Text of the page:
Monthly Archives: March 2013

How You Train a Small Dog Makes a Difference

By Linda Cole

When it comes to dog training, the size of the dog does matter! It can mean the difference between being successful or falling flat on your face when trying to teach your small dog commands. In a way, it’s easier to train larger dogs because owners of small dogs often treat a smaller pet differently than they would a bigger dog.

Many small dogs belong to the terrier group. This is a group of feisty, high prey drive dogs with lots of energy. They are smart and not afraid to let their feelings be known. Small dogs can be manipulative if they get a chance, and can have an attitude the size of a Great Dane. It’s tempting to let a little dog get away with things most owners wouldn’t accept from a larger canine. His actions may not hold the same weight as a misbehaving larger dog, but a small dog can still be disruptive. If your small dog jumps up on someone to greet them, many will think that’s cute, but if a Saint Bernard leaps up, your guest could be lying on their back with a drooling dog standing over them. Not as cool to some, but could be cute depending on your guest’s sense of humor.

Dogs can understand if they are being treated differently than others around them, and it’s important to treat small dogs just like you would a larger one. Training is about teaching your dog how you want him to act, but it’s also a good way for you to learn who your dog is as an individual. Small dogs can be stubborn. We can accidentally teach little dogs the wrong way to act if they are rewarded for their misdeeds or bad manners.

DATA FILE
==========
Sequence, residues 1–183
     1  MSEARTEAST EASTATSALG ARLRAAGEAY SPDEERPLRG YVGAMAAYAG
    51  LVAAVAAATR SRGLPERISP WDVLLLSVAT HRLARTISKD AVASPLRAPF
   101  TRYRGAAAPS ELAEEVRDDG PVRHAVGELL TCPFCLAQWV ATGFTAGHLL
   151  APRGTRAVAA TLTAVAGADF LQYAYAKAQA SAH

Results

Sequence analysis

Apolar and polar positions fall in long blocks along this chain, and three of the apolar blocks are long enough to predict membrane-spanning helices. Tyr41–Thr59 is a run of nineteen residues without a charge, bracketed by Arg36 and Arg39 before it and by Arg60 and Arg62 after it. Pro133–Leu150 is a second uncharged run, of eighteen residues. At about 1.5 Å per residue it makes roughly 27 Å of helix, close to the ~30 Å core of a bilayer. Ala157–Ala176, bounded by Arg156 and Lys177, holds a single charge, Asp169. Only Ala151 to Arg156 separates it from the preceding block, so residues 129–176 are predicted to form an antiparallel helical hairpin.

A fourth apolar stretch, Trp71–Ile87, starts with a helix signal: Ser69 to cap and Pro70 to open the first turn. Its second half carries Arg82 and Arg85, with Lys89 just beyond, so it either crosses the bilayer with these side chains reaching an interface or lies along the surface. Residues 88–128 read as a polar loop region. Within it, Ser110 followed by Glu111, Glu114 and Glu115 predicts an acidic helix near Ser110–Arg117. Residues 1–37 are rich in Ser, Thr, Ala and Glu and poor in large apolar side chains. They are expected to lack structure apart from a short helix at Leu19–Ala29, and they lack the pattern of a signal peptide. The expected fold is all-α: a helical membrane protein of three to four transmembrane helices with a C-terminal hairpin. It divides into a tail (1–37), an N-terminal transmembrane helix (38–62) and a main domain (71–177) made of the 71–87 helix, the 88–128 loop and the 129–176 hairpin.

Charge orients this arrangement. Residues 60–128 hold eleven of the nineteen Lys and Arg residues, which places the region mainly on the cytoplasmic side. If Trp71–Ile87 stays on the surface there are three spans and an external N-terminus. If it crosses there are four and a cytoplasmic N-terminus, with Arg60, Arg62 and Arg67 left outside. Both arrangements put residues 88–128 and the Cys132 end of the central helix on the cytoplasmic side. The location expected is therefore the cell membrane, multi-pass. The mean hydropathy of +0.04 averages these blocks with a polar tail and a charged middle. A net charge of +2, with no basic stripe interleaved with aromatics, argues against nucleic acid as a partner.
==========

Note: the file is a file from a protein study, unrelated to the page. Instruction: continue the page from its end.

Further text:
Part of our job is to instill confidence and trust in our pets. Treating a dog with respect, regardless of size, is one way of establishing yourself as their leader, and says you can be trusted. Don’t give any treats or attention until your dog has all four feet on the ground.

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Are You a Helicopter Pet Parent?

By Tamara McRill

Do you hesitate to let your dog or cat do anything outside or even inside of the home without your supervision? Or maybe you’re quick to give them extra tips and hints during training or games. You’ve probably at least heard the phrase “helicopter parent,” but have you ever stopped to consider that you may be a helicopter pet owner?

Hovering Isn’t All Bad

If you constantly hover over your pet and manage every aspect of their lives, as well as try to solve all of their problems, you just might be a helicopter pet parent. I’ve given this some serious consideration and have to admit that, to some extent, I am. As our dog Cody gets older, I notice we do way more for him, whether he needs us to or not, and monitor everything he does that much closer.

Now this type of parenting has bad connotations, but helicopter pet parenting isn’t necessarily all bad. Like with most things, it depends on how far you take it. Although it does seem easier to take it too far with our pets than with children, since our fur babies are constantly in our care.

As long as we realize our pets deserve to make their own choices at times and need to be self reliant to a certain extent, a little hovering won’t hurt them. It’s when the hovering turns to smothering that there can be a problem. Are you wondering if you may be a helicopter pet parent? Take this short quiz to find out!

Helicopter Pet Parent Quiz

1. When your dog or cat drops a toy just out of their reach, you
A. May not even notice, if you’re not watching at the moment.
B. Glance to see if it’s near breakables or has fallen behind the couch.
C. Jump up and go get it for them.

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How a Unique Shelter is Helping Dogs

By Linda Cole

Most animal shelters are run by kind and responsible people who love the pets they care for in their facilities. Their main goal is finding the perfect owner for the pets. Without these caring individuals, dogs and cats would have no place to live while they wait for their forever home. However, some shelters are thinking outside the box to give pets a better environment to wait in.